The Global Question: “Return to Normalcy?”

The Global Question: “Return to Normalcy?”

Challenges after the First World War

 

At the end of the First World War people around the world faced a number of challenges. The Allied Powers had to implement the treaties that ended the war, rebuild the portions of Europe devastated by the war, and establish economic and political stability in the aftermath of this conflict. To complicate matters the United Kingdom and France had been economically exhausted by the war; many in the U.S. were unwilling to participate in the construction of a new world order; Lenin was in the violent process of crafting a centralized and authoritarian government for the new Soviet Union, ; and numerous ethnic and/or national groups across Eurasia yearned for national sovereignty in new national states. On top of these challenges, many Western intellectuals were beginning the process of alienating themselves from Western civilization, believing that it was beyond salvation. The responses to these challenges were only partially successful at best. And the numerous failures in addressing these challenges paved the way for the Second World War. 

 

Learning Objectives

  • Explain how the social, political, and military costs of World War I fostered geographic and demographic shifts in Europe, Africa, and the Middle East.
  • Explain the global challenge to liberalismby totalitarianism through the movements of communism, fascism, and National Socialism.
  • Explain the factors that led to the global depression in the 1930s.
  • Compare and contrast the reactions of nations worldwide to this global depression.

 

Key Terms / Key Concepts

Paris Peace Conference - 1919-20 meeting of delegates from the Allied nations that crafted the treaties which ended World War I 

 

In the 1920 U.S. presidential election campaign Warren Harding ran on the slogan of a “return to normalcy,” by which he meant a return to the way life in the U.S. had been before the First World War. His winning sixty percent of the popular vote in that presidential election reflected the reservations that many Americans had about WWI and U.S. participation in it. Globally, it was one of a number of manifestations of the trouble people were having coming to terms with World War I.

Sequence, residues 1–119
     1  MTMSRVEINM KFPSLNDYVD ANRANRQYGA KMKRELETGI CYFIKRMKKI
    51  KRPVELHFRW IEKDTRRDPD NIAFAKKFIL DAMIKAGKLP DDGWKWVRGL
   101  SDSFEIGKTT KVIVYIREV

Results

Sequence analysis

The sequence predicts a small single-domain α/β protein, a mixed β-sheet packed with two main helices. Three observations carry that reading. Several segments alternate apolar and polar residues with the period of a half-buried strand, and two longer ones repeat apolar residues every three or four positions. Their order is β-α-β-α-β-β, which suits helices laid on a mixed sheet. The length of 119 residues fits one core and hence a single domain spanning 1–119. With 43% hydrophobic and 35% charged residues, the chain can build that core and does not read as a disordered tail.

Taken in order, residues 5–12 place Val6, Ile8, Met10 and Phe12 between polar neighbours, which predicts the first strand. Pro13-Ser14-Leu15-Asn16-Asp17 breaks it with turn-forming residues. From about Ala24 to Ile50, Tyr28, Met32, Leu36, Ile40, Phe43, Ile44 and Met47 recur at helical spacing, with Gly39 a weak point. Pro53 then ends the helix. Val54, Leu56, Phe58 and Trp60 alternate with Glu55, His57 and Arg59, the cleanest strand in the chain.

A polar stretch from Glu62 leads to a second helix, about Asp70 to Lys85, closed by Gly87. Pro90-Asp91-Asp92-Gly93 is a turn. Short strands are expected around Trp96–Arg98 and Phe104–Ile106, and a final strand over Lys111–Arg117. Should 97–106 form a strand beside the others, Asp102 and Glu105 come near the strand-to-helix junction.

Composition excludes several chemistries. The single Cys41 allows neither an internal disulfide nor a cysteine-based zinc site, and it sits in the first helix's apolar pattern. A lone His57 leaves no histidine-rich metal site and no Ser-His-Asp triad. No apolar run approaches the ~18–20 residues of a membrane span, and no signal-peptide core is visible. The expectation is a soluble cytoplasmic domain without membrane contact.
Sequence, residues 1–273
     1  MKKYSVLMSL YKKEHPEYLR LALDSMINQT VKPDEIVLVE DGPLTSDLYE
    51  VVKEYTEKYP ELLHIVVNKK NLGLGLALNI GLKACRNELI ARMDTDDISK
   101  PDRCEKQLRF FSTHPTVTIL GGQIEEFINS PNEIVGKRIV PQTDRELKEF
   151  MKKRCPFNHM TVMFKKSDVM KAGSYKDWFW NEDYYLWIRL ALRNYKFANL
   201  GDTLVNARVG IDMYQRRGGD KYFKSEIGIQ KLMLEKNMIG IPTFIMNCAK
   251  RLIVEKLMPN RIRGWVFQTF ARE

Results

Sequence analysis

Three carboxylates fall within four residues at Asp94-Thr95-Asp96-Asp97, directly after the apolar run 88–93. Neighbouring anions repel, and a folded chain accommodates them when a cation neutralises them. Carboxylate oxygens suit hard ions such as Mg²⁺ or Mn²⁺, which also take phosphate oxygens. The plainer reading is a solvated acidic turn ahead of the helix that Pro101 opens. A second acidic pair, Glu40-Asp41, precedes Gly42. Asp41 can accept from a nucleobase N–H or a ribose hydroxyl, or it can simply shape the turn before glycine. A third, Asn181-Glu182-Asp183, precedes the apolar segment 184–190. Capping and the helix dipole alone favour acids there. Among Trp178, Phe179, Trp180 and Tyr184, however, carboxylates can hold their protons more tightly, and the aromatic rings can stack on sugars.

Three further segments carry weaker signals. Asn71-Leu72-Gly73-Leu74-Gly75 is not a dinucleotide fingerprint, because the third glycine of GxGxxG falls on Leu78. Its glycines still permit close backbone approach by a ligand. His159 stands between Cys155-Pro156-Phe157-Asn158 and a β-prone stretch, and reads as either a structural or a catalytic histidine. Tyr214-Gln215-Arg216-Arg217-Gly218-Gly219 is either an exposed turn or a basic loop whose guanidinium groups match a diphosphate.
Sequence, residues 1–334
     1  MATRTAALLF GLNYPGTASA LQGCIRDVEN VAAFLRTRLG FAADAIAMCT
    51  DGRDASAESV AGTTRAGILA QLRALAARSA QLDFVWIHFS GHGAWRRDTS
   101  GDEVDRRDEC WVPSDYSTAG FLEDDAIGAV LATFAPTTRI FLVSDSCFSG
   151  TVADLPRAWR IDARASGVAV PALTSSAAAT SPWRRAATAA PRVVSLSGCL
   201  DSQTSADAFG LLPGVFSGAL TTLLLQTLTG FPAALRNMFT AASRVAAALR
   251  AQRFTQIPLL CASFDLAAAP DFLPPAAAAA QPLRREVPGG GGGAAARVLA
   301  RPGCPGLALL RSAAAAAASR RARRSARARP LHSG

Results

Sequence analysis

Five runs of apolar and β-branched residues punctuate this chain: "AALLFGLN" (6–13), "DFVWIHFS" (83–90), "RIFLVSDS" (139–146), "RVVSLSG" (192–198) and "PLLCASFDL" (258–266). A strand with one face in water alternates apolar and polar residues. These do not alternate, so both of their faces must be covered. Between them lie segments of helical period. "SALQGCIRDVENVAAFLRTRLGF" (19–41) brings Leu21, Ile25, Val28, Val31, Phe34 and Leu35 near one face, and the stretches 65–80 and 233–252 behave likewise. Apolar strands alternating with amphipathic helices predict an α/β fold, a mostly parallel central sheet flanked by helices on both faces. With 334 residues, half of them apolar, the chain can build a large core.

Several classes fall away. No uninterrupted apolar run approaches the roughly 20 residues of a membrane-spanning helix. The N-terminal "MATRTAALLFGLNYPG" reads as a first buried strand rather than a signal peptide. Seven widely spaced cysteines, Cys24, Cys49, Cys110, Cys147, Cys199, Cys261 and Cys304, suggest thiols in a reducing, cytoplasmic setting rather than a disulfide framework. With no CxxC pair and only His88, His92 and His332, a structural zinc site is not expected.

Those who thought about WWI wondered what this war said about humanity and its development. The belligerents had mobilized their societies in what was at that time a total war for combatants and civilians alike, which had achieved at best mixed results. A number of writers, historians, and philosophers, wondered pessimistically about the future of humanity. Otto Spengler wrote about this theme in his two-volume The Decline of the West, published in 1918 and 1922. All Quiet on the Western Front (1928) narrated the pointless aspects of the fighting on the Western Front during the First World War. Other writers, such as Ernest Hemmingway commented about the tragedy of this conflict: A Farewell to Arms (1929). The disaffection of these members of the intelligencia reflected a larger response from people in the participating nations. This popular response to WWI would influence the foreign and military policies of nations around the world.

The people in the victorious and defeated nations had questions about this conflict. In the Allied nations people wondered what had been won. Many Americans supported policies during the twenties and thirties that would keep the U.S. out of another world war at any cost. Similarly British and French leaders followed an approach of appeasement in dealing with Hitler’s annexation of Austria, conquest of the Sudetenland in Czechoslovakia, and invasion of Czechoslovakia in 1938 – 9, in order to avoid another European conflict marked by trench warfare. People in the Central Powers were left with resentment and anger, most visibly in Germany. These feelings grew out of peace treaties drafted at the 1919 – 20 Paris Peace Conference that were in some ways too harsh and in other ways too lenient.

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